WASHINGTON — The housing market has been improving but mortgage credit remains "stubbornly" tight on loans bought by the government-sponsored enterprises, according to a chief housing adviser at the White House.
Although the Federal Reserve's senior bank officer survey indicates there has been a little loosening, "we are still seeing an average 750 FICO score on GSE loans," said Michael Stegman at a Financial Services Roundtable event on Wednesday.
Barry Zigas, the housing policy director at the Consumer Federation of America, said that credit is still "very, very tight," compared to the pre-crisis mortgage lending standards. "That is true in the GSE channel and true in the FHA channel," he said.
Zigas noted that servicing rules have raised the cost of dealing with defaults and failed mortgages.
"The industry has looked at that and said that is reducing my appetite for loans that I know will have a higher failure rate," he said. "And that is going to have an impact on access to credit."
Speaking at the same event, Keith Bickel, a senior vice president at Bank of America, said lenders are still adjusting to the regulatory changes made in recent years and are bracing for even more new rules to be issued this year.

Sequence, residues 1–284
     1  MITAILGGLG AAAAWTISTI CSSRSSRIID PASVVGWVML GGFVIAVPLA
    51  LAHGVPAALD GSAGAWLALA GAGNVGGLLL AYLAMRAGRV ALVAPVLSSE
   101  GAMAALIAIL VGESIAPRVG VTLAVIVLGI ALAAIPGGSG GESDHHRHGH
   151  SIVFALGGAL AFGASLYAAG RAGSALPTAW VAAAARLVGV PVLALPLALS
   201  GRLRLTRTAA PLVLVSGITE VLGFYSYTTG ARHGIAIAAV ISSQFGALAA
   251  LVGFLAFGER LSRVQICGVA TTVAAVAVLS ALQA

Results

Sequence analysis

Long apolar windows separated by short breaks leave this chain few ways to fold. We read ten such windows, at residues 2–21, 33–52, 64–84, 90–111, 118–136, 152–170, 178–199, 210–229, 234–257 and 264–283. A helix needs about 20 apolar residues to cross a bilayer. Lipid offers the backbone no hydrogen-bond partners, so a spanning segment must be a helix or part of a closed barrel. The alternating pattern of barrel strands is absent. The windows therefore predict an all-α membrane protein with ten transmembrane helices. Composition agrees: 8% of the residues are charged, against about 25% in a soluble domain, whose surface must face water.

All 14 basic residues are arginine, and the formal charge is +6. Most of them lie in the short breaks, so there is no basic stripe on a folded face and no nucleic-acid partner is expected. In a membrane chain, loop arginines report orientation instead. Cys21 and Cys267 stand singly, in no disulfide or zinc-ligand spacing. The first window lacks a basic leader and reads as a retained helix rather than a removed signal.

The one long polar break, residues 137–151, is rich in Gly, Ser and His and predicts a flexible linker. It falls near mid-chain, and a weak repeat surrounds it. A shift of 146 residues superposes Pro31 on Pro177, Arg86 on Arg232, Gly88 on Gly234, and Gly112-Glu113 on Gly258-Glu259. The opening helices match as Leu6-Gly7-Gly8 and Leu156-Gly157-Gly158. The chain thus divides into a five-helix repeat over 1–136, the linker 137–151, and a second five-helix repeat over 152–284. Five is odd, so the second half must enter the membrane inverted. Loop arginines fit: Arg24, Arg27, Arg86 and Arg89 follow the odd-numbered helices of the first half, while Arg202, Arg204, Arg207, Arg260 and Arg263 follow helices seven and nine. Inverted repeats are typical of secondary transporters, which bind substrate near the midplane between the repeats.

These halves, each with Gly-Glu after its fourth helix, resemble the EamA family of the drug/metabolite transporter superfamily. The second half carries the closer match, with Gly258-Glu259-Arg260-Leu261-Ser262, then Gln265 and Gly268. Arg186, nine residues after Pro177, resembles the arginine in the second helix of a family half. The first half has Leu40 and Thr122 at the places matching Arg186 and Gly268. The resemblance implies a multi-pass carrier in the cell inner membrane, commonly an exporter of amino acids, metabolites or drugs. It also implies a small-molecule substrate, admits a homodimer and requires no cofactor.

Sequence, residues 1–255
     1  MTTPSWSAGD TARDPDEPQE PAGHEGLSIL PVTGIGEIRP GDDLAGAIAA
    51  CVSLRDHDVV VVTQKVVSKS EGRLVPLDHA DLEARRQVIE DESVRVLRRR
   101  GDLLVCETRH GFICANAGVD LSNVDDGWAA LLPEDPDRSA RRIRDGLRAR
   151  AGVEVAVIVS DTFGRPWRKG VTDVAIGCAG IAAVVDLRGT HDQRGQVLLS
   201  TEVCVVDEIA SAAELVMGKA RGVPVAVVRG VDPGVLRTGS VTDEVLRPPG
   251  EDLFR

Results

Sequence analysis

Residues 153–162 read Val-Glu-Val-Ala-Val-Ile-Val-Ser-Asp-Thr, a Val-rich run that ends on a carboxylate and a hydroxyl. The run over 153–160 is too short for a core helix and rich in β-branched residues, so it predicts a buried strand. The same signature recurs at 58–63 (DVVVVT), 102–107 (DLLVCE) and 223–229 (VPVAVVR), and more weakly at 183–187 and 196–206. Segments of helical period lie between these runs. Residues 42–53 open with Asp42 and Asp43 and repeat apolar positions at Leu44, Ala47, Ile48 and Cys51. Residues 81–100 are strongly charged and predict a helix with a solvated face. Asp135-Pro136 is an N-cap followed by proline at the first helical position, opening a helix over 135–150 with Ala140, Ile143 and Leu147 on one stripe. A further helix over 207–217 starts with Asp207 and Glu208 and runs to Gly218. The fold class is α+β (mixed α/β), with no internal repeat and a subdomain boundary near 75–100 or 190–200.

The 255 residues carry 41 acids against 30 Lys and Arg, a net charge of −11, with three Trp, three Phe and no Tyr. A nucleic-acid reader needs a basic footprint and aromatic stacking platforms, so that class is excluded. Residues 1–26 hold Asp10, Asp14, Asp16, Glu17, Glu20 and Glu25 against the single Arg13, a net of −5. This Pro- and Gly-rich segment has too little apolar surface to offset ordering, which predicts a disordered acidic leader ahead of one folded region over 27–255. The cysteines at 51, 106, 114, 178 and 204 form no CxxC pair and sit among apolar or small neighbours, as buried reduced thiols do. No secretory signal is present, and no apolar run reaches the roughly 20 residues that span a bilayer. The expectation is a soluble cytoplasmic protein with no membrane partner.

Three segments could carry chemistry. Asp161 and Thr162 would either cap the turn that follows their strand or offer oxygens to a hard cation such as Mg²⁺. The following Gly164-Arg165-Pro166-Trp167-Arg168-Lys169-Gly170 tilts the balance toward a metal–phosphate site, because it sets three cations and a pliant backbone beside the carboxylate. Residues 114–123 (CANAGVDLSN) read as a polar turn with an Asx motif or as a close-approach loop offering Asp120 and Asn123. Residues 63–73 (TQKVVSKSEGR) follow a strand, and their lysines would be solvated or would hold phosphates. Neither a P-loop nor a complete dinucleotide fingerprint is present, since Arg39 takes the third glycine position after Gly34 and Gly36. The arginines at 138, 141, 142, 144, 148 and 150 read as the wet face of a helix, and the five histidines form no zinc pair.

"These are major technological and process changes to institutions like ours," Bickel said. "It is an overlay effect that we don't fully appreciate yet."
Bickel said that the pace and scope of regulatory changes have contributed to "what we see as the tightening of credit."
Federal Housing Administration lenders are concerned, meanwhile, about being penalized for minor loan defects or mistakes. And "that is keeping lenders out of the lending channel that offers the most flexibility for consumers and that is a serious concern," Zigas said.
FHA recently proposed a clarification of its loan certification standards in an effort to assure lenders they won't be penalized for minor defects on loans.
But lenders don't appear to be reassured by FHA's effort, according to mortgage consultant Brian Chappelle, a co-founder of Potomac Partners.
By raising the issue of loan certifications and the Department of Justice's enforcement actions against FHA lenders, "it probably has put more fear into smaller lenders," Chappelle said in an interview. "While FHA was trying to allay industry fears, I think it was a net negative based on the questions I get from leaders who are more worried about the certifications. Any changes in this environment worry lenders."
Big lenders are also concerned about FHA's loan certification standards and the risk for enforcement actions.
JPMorgan Chase has "dramatically reduced" its Federal Housing Administration business because it is simply is too costly and too risky to originate FHA mortgages, according to the bank's chairman and chief executive Jamie Dimon.
In a letter to shareholders, Dimon said "part of the risk comes from the penalties that the government charges if you make a mistake — and part of the risk is because these types of mortgages default frequently. And in the new world, the cost of default servicing is extraordinarily high," he said in the April 7 letter.
In early 2015, JPMorgan agreed to pay $614 million to settle claims by FHA and the Department of Justice that it improperly approved FHA-insured loans that did not meet the agency's underwriting standards.